One of Yogananda’s last acquisitions was the purchase of a place where he could be completely undisturbed by telephone calls, requests for interviews, and all the demands people make of a public figure. This place was his desert retreat at Twenty-Nine Palms. There was his retreat, and the monks’ retreat was located five miles down the same road.

At the monks’ retreat, I received from him a valuable teaching on ahimsa (harmlessness). He had said that it is better to keep forms of life under control that threaten human life. “Human beings are more highly evolved than the lower animals,” he said. “Their lives are more precious. Therefore, when you see a rattlesnake, for example, near where you live, it is better to kill it than to endanger human lives.”

“Sir,” I asked him, “what about flies? They aren’t a threat to human life. They’re just a nuisance.”

“Nevertheless,” he replied, “in those countries where flies are allowed to proliferate, many people die from illnesses that are incurred because of the existence of those flies.”

One day I found a snake just outside the back door of our monks’ retreat. I felt very badly in doing so, but, remembering Master’s words, I killed it with a spade, and told him what I’d done the next time he visited me there.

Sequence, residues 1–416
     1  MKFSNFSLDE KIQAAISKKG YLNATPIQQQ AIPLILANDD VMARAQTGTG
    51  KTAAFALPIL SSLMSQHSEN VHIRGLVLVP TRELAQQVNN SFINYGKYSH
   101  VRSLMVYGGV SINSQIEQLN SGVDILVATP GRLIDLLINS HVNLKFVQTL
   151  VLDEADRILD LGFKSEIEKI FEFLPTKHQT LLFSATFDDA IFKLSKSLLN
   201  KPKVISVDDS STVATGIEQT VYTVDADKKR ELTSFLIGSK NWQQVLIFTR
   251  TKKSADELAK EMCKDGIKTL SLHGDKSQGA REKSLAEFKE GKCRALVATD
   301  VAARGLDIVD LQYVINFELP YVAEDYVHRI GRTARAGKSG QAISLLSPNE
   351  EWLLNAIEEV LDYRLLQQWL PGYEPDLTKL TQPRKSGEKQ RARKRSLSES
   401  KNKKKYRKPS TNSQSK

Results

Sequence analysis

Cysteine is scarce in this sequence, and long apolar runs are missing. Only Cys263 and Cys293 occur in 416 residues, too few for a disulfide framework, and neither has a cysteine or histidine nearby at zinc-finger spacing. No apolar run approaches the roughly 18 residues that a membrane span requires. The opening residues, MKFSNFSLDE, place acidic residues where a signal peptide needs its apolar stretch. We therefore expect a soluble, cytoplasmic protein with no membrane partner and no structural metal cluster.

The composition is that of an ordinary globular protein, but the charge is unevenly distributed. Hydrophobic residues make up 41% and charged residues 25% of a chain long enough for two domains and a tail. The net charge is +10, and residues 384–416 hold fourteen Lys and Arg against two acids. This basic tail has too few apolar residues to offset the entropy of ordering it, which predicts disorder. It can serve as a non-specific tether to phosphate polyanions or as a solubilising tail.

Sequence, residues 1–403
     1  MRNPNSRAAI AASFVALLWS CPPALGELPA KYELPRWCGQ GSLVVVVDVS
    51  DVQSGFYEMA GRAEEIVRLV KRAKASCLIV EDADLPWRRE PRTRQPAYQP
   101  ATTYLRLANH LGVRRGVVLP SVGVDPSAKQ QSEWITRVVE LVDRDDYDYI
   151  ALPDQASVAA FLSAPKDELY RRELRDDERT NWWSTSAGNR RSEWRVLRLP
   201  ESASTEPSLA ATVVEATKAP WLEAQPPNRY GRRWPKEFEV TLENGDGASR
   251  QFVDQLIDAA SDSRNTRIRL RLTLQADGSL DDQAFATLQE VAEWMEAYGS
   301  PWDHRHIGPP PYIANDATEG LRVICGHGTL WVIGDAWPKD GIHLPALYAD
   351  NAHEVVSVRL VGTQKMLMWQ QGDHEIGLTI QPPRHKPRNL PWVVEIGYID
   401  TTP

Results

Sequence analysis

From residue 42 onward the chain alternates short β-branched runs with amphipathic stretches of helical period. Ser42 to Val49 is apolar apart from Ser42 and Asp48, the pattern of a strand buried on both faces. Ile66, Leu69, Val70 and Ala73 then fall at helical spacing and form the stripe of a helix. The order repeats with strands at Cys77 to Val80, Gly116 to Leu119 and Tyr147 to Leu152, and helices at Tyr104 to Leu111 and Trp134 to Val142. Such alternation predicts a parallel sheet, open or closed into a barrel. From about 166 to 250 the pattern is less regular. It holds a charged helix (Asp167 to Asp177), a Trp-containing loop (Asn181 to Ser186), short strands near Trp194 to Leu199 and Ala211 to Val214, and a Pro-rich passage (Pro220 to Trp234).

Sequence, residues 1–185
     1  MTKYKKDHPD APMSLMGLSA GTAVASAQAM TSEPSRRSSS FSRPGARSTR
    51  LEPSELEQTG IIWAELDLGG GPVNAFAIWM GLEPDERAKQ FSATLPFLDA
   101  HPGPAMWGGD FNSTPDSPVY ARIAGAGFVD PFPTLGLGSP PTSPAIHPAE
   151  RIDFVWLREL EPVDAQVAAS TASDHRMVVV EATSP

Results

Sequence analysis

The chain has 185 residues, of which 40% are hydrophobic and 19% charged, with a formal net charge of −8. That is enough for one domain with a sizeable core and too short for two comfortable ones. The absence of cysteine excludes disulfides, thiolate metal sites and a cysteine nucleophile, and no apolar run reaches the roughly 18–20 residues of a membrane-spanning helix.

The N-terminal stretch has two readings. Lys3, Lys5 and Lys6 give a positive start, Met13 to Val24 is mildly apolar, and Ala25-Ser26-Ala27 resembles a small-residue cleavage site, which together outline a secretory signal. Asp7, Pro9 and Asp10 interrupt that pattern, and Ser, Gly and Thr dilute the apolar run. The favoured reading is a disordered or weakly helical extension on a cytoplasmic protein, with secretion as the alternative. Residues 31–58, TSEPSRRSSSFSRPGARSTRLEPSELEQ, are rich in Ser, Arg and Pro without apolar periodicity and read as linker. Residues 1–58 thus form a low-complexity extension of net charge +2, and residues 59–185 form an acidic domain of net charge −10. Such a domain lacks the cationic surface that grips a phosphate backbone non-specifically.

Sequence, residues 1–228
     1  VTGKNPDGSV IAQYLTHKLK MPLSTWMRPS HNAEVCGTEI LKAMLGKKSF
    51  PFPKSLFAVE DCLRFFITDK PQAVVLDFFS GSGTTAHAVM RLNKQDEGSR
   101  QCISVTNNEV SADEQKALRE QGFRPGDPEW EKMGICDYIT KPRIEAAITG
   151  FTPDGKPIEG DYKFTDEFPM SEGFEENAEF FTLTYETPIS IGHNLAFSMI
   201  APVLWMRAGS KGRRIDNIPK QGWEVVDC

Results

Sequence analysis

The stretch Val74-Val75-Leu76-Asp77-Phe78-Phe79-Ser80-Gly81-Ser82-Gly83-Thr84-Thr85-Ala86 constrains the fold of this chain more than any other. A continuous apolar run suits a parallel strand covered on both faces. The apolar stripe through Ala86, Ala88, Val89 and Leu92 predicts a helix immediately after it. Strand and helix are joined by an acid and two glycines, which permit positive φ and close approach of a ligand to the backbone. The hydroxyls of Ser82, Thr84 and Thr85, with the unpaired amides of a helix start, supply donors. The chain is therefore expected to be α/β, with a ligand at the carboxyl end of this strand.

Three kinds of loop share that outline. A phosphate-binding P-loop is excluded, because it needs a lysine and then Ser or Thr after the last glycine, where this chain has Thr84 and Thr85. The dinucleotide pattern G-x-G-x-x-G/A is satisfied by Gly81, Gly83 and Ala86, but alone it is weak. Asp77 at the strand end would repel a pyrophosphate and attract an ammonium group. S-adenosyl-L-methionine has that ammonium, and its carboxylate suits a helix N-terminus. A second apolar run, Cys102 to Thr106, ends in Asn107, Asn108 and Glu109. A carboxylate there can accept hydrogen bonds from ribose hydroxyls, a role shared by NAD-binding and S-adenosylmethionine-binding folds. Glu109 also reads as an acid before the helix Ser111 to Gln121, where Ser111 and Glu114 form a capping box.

He said nothing. After a few minutes, however, he remarked casually, “Do you know, the women disciples are so ignorant in these matters that they actually killed a garter snake the other day, thinking it was a rattlesnake!”

I was horrified. Suddenly I realized that what I had killed had not been a rattlesnake, but a harmless garter snake also! I confessed my blunder to him.

“That’s all right,” he reassured me. Obviously, he’d known what I had done. “Don’t feel badly about it.” Evidently, he thought it would be worse for me to blame myself than simply to drop the matter.

Then, to underscore the fact that God wouldn’t hold my little sin against me, he had me bring a pot of water to the boil, and led me out into the “garden” (if one can call that sandy waste a garden!) and had me pour the hot water into an ants’ nest, killing I don’t know how many of the poor little creatures. This he did to erase from my heart any feeling of self-blame. For he used to tell us that the greatest of sins is to call oneself a sinner.

One time—not at the desert—he described God as “eating” people. As he made that remark, he made the appropriate gesture with his right hand, as if placing food in his mouth. Death, in other words, is no great thing. It happens to every living being and is simply a part of life. What’s wrong is the wish to destroy life.

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